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Why the CAP should widen its approach to resilience

To achieve its objectives, the CAP needs to put the resilience of Europe’s farming systems at its centre. The current CAP focuses on farming community robustness. However, a broader view on resilience is needed to ensure a sustainable agricultural sector in the longer term. This new vision should pay sufficient attention to developing the capacities of both individual farms and farming systems to adapt to changing circumstances and to transform their business models where necessary.

The European Commission considers improving the resilience of the agricultural sector as necessary to achieve the objectives of the Common Agricultural Policy (CAP). Both in the current CAP and the legislative proposals for a CAP post-2020, the Commission relies on four groups of instrument to increase the resilience of European agriculture: direct payments, rural development programs, risk transfer instruments and market management measures. While these instruments may help to stabilise farm income in the short run, their effect on resilience in the long run is less clear. SURE-Farm defines resilience as maintaining the essential functions of a farming system – the provision of food, feed, fibre and public goods, such as ecosystem services – in the face of increasingly complex and volatile economic, social, environmental and institutional challenges. The resilience of farming systems depends on their capacity to deal with shocks and stresses. SURE-Farm emphasizes that three capacities for resilience should be distinguished: Robustness is the ability to withstand shocks, such as sudden price oscillations or adverse weather events. It can build on individual or collective resources (e.g. savings) and capacities (e.g. recovery know-how). Adaptability is the ability to change production, marketing and finance strategies without changing the operational logic of the farm or the farming system, for instance by using new technologies or marketing channels. Transformability is the ability to change the operational logic of a farm or farming system in response to either severe shocks or enduring stress that make business as usual impossible, or to capture novel opportunities. A difficult task for farmers as well as for policymakers is to strike the right balance between robustness, adaptability and transformability. Farmers do not operate in a vacuum. Capacities for resilience cannot be developed by farmers alone, but depend on the collective activities of those collaborating with farmers, such as suppliers, customers, service providers, financial institutions, public administrations, etc. We call this network the farming system. Each farming system provides unique opportunities to enhance resilience, depending on the interdependence between the actors in the farming system. Therefore, policymakers should ensure that public policies such as the CAP support the development of collective capacities for resilience. The Commission proposes a CAP post-2020 that reaches common goals through a new delivery scheme in which Member States are given enhanced discretion to draw up CAP support plans and choose a bespoke set of instruments. At the same time, however, the basic set of instruments remains largely unchanged, with the largest budgets allocated to area-based direct payments (albeit they will be partially allocated to eco-schemes). This means that most resources are devoted to short-term robustness of farms at individual level, but it is unlikely that farmers and farming systems invest these resources to increase their capacities to adapt or transform in the long run. A more decentralised new delivery scheme might provide more opportunities to address the place-specific adaptation and transformation challenges of Europe’s diverse farming systems. However, insufficient resources are invested in related resilience and collective capacities, and this is likely to undermine the capacity of Europe’s agriculture to adapt and transform in response to radically changing external conditions. Instruments to enhance adaptation are available in the rural development programs, and particularly the European Innovation Partnership EIP-AGRI, but they should be allocated more resources, not less. Flexibility, experimentation and learning are important to broaden the focus of these measures from mere adaptation to strengthening the capacity of farmers and farming systems to transform in the face of persistently changing circumstances.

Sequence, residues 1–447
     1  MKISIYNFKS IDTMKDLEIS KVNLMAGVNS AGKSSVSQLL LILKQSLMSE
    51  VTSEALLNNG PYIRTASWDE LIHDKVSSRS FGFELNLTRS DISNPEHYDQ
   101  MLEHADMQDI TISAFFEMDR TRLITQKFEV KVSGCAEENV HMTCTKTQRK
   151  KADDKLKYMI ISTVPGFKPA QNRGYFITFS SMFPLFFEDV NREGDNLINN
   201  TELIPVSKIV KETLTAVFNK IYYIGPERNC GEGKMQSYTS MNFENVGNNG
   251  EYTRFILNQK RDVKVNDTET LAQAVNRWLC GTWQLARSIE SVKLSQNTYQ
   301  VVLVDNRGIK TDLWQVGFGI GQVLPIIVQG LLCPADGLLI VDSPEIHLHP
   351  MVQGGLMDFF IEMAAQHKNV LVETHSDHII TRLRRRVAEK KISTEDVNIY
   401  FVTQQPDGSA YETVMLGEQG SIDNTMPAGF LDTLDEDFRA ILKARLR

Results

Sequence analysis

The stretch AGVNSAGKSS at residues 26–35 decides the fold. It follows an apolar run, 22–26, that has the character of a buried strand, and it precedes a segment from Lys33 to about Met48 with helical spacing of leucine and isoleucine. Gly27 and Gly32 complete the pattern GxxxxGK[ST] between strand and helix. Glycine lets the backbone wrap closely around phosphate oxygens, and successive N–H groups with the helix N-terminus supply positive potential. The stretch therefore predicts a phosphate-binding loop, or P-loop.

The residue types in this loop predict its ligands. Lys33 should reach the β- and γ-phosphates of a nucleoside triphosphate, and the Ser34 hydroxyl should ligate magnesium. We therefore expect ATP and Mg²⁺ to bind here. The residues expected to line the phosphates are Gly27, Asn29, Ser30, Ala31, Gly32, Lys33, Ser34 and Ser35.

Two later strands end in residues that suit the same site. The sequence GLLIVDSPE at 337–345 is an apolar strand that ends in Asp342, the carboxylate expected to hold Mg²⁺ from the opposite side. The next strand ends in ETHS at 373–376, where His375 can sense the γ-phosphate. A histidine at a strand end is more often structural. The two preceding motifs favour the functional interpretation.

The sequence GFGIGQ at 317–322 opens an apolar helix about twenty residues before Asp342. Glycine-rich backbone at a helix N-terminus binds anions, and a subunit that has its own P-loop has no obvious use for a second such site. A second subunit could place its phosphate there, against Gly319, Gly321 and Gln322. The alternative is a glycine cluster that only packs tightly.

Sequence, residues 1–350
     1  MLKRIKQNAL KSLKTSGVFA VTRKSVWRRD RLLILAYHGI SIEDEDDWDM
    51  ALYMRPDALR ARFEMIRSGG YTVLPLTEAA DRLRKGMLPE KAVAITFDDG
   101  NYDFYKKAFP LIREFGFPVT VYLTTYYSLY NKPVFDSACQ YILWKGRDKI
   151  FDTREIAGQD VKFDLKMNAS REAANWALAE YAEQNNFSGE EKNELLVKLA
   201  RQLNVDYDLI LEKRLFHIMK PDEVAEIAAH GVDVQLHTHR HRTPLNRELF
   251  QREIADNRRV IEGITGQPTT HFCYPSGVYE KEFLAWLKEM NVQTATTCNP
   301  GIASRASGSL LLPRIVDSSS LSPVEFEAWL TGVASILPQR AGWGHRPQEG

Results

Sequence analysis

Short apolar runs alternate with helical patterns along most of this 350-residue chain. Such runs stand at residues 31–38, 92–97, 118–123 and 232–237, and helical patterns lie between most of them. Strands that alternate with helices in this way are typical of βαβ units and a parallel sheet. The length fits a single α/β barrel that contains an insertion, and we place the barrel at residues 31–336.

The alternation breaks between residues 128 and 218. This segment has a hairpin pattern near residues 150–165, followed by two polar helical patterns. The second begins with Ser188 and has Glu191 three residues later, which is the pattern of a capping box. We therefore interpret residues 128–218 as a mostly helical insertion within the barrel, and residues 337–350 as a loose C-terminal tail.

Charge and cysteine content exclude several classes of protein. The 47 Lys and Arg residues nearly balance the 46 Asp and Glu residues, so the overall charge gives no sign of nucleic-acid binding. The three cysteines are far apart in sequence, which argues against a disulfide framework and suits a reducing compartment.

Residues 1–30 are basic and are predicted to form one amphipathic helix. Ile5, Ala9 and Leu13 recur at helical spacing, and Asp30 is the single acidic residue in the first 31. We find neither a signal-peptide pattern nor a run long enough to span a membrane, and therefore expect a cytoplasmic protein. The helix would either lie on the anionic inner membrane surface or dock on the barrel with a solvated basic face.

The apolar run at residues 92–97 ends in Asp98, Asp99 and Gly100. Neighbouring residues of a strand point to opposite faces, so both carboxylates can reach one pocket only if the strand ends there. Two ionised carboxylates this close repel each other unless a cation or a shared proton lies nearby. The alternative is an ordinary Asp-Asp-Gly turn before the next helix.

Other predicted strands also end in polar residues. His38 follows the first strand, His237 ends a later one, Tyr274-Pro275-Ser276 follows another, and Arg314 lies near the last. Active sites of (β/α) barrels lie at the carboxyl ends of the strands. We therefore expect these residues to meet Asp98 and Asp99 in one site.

Resilience, CAP, Farming Systems, Robustness, Adaptability, Transformability


Belgium, Bulgaria, Switzerland, Germany, Spain, France, Italy, Netherlands, Norway, Poland, Romania, Sweden, United Kingdom